Disability benefits largely untouched in new UK government’s first budget

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UK Budget Cuts Spare Benefits for People with Disabilities

For much of his first term, United Kingdom Prime Minister David Cameron targeted the country’s disability benefits programs as part of his push to cut government spending.

So when Prime Minister Cameron’s Conservative Government rode to a reelection in May, promising 12 billion pounds in additional cuts from the country’s welfare budget, many disability advocates braced for further cuts.

On July 8, Secretary of State unveiled the Tory’s first budget of the new term. The plan includes the promised 12 billion pounds in cuts to the welfare budget, spread over four years, but only minor changes to benefits aimed directly at supporting people with disabilities.

The budget does not make any new changes to the Personal Independence Payments system, despite speculation the benefits could start being taxed or means-tested. The PIP, the country’s primary system for people unable to work due to their disabilities, was launched in 2013 to replace the former Disability Living Allowances program.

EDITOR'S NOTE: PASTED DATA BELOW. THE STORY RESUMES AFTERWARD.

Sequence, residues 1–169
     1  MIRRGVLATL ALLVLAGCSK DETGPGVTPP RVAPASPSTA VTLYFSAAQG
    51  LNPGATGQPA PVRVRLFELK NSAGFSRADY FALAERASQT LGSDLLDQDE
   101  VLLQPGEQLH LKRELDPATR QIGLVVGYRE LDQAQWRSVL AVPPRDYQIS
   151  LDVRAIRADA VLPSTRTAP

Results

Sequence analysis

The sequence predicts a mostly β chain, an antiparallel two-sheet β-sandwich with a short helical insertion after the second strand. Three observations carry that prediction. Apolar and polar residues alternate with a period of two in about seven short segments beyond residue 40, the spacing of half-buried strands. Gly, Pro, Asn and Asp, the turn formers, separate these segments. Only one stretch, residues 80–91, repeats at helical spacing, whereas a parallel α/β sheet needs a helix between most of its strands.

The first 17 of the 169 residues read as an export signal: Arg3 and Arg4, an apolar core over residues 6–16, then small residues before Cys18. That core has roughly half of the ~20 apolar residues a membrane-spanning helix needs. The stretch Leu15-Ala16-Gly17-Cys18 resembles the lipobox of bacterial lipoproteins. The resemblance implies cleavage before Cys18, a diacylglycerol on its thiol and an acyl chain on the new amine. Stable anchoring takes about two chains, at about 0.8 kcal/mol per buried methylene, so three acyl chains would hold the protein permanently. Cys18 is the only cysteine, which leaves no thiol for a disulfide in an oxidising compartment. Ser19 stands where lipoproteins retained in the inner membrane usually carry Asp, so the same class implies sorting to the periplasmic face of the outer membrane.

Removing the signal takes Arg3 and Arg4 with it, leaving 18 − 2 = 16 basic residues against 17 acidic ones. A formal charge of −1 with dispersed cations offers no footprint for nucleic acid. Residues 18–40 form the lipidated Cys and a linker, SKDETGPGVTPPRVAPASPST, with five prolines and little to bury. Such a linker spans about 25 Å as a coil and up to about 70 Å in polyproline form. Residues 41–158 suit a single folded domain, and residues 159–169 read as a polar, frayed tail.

However, the budget aims to reduce Employment and Support Allowances by 30 pounds per week, which assist people unable to work full time, including a great number of people with disabilities.

Along with the change from the DLA to the PIP, Prime Minister Cameron angered many disability advocates during his first term with the imposition of the so-called bedroom tax. The measure reduced housing benefits to people whose homes were deemed to have two or more spare bedrooms.

Disability advocates argue the tax unfairly discriminates against people with disabilities, many of whom need the additional rooms to accommodate their physical limitations.